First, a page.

NEW YORK (Reuters) - Oil rose above $83 on Wednesday, lifted to its highest close since October 2008 as the euro’s rise against the dollar offset government data showing crude inventory rose more than expected and gasoline stocks had a surprise build.
U.S. crude futures finished the first quarter of 2010 up $4.40, or 5.54 percent, from the end of 2009. It was the fifth consecutive quarterly gain for crude futures.
Front-month May crude futures on the New York Mercantile Exchange rose $1.39, or 1.69 percent, to settle at $83.76 a barrel, a third consecutive higher finish and the highest close since crude ended at $83.76 on October 9, 2008.
The intraday high of $83.85 closed in on the 2010 peak price of $83.95 hit on January 11, which also was the highest intraday price since October 2008.
On Wednesday, Brent crude for May rose $1.42 to settle at $82.40 a barrel.
The dollar fell against the euro, though the greenback hit a three-month high versus the yen. The dollar weakened against a basket of currencies .DXY but was on track for its best quarterly performance against the basket in 12 months.
Wednesday’s U.S. Energy Information Administration oil inventory report showed crude oil stocks rose by 2.9 million barrels to 354.2 million barrels last week. The increase topped the forecast for a rise of 2.4 million barrels, while gasoline inventories logged a modest but surprise gain.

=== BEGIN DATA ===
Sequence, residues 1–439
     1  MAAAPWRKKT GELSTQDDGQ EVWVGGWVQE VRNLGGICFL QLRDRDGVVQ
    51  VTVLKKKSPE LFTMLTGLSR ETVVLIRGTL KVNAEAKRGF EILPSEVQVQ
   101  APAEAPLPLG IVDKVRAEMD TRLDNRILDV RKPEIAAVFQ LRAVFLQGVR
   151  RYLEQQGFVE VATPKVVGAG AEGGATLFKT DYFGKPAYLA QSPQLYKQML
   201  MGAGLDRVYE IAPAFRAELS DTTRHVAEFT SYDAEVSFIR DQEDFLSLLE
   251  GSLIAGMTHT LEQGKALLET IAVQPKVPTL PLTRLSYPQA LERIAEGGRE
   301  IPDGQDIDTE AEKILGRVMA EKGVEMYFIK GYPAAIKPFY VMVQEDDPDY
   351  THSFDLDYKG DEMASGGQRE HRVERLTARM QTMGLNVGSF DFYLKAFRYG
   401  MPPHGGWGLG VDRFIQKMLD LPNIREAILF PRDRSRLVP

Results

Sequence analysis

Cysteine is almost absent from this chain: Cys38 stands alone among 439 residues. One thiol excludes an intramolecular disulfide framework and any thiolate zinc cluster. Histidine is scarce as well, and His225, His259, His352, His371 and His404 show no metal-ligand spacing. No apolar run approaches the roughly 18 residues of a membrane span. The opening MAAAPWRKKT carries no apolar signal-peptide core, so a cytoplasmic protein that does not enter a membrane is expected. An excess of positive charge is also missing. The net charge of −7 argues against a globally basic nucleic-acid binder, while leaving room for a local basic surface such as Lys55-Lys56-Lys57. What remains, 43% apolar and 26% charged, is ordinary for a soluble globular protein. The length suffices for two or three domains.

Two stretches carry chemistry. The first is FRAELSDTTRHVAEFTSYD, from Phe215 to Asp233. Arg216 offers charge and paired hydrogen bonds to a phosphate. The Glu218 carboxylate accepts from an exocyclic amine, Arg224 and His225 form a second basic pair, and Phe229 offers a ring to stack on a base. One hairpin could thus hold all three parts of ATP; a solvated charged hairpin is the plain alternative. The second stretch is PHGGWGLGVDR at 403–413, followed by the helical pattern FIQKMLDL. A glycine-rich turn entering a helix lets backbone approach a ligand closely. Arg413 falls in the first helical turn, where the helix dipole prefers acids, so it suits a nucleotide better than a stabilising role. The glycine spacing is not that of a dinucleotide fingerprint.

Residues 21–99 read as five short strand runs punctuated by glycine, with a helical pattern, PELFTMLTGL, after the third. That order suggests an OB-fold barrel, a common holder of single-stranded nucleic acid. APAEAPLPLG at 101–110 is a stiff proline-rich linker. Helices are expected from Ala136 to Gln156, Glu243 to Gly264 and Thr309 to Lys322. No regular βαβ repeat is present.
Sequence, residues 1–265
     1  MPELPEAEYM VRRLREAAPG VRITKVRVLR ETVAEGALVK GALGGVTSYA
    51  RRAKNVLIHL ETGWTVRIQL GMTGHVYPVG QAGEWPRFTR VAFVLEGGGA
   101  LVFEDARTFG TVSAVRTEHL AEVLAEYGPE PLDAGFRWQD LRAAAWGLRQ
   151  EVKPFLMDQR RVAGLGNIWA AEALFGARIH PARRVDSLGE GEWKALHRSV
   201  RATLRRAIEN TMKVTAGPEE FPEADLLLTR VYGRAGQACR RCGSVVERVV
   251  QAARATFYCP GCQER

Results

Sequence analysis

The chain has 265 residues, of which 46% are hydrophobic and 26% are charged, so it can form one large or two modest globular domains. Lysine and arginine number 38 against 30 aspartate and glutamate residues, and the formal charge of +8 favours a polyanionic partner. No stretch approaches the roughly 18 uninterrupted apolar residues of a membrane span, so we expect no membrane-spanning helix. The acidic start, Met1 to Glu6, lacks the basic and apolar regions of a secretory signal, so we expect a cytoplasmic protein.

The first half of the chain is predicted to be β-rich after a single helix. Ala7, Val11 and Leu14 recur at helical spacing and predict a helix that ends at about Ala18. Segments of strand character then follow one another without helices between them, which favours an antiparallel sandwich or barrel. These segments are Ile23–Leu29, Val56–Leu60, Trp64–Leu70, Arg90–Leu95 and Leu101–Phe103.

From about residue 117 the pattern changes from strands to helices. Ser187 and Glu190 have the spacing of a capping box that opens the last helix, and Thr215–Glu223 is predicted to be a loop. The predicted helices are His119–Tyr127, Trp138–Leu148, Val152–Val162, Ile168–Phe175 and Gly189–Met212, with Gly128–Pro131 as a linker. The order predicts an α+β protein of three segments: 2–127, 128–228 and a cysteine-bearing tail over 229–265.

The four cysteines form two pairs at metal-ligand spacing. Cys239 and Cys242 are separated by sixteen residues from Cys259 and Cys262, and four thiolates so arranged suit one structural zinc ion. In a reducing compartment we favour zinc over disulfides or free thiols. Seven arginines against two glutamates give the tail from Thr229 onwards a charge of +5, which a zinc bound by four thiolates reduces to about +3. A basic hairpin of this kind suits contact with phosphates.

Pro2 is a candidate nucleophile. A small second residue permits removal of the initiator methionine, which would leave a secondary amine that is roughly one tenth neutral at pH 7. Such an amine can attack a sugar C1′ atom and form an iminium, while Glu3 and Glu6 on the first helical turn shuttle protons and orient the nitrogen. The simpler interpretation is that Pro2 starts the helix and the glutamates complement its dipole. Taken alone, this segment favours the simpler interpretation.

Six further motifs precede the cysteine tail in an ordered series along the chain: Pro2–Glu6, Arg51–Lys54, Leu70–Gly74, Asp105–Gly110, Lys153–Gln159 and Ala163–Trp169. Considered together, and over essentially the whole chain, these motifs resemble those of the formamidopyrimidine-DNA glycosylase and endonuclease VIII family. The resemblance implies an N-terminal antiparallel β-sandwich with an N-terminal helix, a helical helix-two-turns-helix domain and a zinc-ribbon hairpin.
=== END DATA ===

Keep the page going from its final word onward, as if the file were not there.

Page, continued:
The EIA report also showed a much bigger increase in crude stocks than the rise of 421,000 barrels reported a day earlier by industry group the American Petroleum Institute.
“On the surface you would think this is a bearish report, especially with gasoline showing an unexpected build,” Mike Zarembski, senior commodities analyst at Optionsxpress in Chicago, said.
“But traders are focusing on the weakness in the U.S. dollar today, which is keeping commodity prices in general up.”
The U.S. stock market ended lower as weak jobs and manufacturing data offset strength in the energy sector.
The U.S. shed 23,000 private-sector jobs in March, against expectations for a rise, a report by ADP Employer Services showed on Wednesday.
Business activity in the U.S. Midwest expanded less than expected in March.
U.S. oil demand has shown signs of recovery and China’s imports have increased, giving market bulls hope for sustained growth by the world’s top two oil consumers.
After the biggest annual rise in 36 years in 2009, most commodities continued to rebound on general optimism that the economy is recovering and demand will continue to improve.
Oil prices this quarter traded from that $83.95 peak in January to as low as $69.50 a barrel in February.
That sub-$15 range is more stable than the wide price swings in the previous two years. Implied volatility for U.S. crude is now at its lowest level since prices surged to a record $147.27 a barrel on July 11, 2008, before plummeting to $32.40 in December of that year.
But Saudi Arabian Oil Minister Ali al-Naimi on Wednesday told the International Energy Forum in Cancun, Mexico, that oil market predictability was being harmed by demand uncertainty and nontransparent financial markets.
Additional reporting by Gene Ramos and Edward McAllister in New York; Chris Baldwin in London, Alejandro Barbajosa in Singapore; Editing by David Gregorio